The Education Amendment Bill, which had its 3rd reading in the House last night, replaces the Teachers Council with a new body, EDUCANZ and removes the right of teachers to vote for representation on the new board. Instead, the Minister of Education will appoint all members.
NZEI National President Louise Green says that this is another attempt to reduce the influence that teachers have on decisions affecting their daily practice.
She says teachers have particular concerns around the introduction of a Code of Conduct which could effectively gag their ability to speak out and advocate for children.
“This is not about improving education for children, this is about trying to remove the professional voice from teaching.
Louise Green says that despite this latest move, teachers will continue to speak out against policies that undermine our public education system.
“Teachers are not state servants, we are public servants. We have commitments to learners, families and society under our Code of Ethics. This means we have a responsibility to advocate for the right of all children to have a great education.
“Parents need to ask why the Government is targeting the teaching profession in a way that it wouldn’t dare target doctors, accountants or lawyers.”
Parata is trumpeting her loving regard for teachers and how this respect has lead her to allow five whole teachers onto the panel of EDUCANZ, the replacement Teachers Council that no-one in the sector wants and that educators argued forcefully against at the recent Education Amendment Bill select committees.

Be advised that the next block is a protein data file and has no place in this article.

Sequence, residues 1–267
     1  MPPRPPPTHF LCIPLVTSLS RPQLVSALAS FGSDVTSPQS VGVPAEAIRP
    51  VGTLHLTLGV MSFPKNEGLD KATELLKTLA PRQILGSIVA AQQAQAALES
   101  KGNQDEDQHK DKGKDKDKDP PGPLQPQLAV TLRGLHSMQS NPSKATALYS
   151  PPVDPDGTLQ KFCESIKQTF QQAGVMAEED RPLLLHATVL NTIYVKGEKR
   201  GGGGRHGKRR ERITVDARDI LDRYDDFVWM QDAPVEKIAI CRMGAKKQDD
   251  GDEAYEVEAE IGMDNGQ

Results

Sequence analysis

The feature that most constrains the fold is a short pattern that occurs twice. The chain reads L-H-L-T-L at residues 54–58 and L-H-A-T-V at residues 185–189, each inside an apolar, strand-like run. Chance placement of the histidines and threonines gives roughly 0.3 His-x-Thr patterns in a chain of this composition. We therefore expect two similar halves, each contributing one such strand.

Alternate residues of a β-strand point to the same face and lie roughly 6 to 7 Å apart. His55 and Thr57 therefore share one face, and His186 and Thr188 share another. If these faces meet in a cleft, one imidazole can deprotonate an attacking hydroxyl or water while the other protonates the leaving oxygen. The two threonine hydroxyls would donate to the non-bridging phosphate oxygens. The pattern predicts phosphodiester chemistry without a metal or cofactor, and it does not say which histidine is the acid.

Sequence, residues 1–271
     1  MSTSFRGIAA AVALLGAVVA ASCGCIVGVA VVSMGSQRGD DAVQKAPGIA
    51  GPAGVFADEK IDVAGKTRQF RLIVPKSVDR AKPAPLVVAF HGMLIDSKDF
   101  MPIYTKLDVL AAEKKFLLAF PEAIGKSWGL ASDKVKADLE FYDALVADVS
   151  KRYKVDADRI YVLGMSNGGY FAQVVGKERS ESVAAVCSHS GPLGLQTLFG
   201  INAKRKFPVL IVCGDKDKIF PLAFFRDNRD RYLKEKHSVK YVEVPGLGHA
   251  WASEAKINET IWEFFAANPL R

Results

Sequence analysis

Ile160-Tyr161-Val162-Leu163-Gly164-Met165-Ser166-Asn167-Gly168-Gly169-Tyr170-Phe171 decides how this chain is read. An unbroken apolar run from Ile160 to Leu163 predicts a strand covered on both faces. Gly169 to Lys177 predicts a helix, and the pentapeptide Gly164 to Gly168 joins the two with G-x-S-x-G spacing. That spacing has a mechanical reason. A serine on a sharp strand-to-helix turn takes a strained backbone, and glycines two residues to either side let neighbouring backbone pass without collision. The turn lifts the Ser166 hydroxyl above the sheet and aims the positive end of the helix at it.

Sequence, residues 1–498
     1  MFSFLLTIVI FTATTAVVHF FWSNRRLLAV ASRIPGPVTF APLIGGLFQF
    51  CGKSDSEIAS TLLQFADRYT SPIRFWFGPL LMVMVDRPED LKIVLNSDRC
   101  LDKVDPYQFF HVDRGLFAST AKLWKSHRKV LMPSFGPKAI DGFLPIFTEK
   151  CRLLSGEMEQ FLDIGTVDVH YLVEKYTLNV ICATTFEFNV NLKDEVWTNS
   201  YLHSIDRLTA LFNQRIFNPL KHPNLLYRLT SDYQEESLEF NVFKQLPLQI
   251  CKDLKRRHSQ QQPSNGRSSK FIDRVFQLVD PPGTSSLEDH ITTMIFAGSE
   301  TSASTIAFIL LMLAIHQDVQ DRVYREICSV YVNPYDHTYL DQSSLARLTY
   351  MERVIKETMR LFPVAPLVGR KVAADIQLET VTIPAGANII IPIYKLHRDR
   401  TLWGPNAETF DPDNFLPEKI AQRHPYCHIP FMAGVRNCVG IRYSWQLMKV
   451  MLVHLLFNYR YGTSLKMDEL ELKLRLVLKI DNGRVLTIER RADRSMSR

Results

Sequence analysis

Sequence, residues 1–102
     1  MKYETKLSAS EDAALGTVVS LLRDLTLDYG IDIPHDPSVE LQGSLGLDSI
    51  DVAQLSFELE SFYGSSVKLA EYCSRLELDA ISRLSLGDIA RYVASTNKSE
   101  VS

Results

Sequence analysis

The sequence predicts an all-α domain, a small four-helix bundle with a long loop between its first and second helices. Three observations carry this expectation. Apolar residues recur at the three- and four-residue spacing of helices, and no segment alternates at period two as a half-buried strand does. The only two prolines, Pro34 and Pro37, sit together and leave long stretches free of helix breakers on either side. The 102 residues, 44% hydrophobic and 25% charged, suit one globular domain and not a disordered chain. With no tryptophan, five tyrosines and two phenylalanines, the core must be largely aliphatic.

She’s love us to believe that she has seen the light and is taking teachers seriously at last. NewsTalk ZB trumpets that “Minister of Education Hekia Parata supports the move saying it clarifies the intent for the council to have a strong core of teaching experience.”
What she and ZB are not so keen to mention is that she is the one that will pick the 5 teachers, and her alone.
Yes, that’s right – the teachers don’t get to choose their own representatives. Unlike doctors, lawyers or any other profession of note, we will have out so-called representatives chosen for us.
Why would that be the case?
Simple really, Hekia hand-picking them means she can be sure to get folk who will toe the line… yes men and women. EDUCANZ will be more a political tool than an educational one.
So, let’s face it, as back downs go, it’s a fizzer.
Parata in fact didn’t listen to the concerns of people at spoke at select committee over the course of many days, at many locations, and so eloquently explained why the proposed changes were not sound.
The Select Committee sat, Hekia pretended to listen, and she forged ahead with the plan as it stood…
(Can you tell I’m seething?)
Anyone trumpeting that one change is blind to the reality. And, given past form, the apparent change of heart was probably planned from the start so the spin doctors could whip up some media hoohah about how well they listened.
“Go in hard and make one pre-planned concession to look benevolent” could be on Hekia’s coat of arms.
It’s a farce. That is not democracy in action.
At select committee after select committee this government has gone through the motions and ignored all evidence in front of it. It’s done because it has to be done, for show, not to inform. They don’t listen. In fact, having attended some of them as a viewer, I can say that the left ask most of the questions for clarification whilst the right usually stay pretty much shtum. I assume they work on the old lawyer rule which is that one should never ask a question one might not want to know the answer to.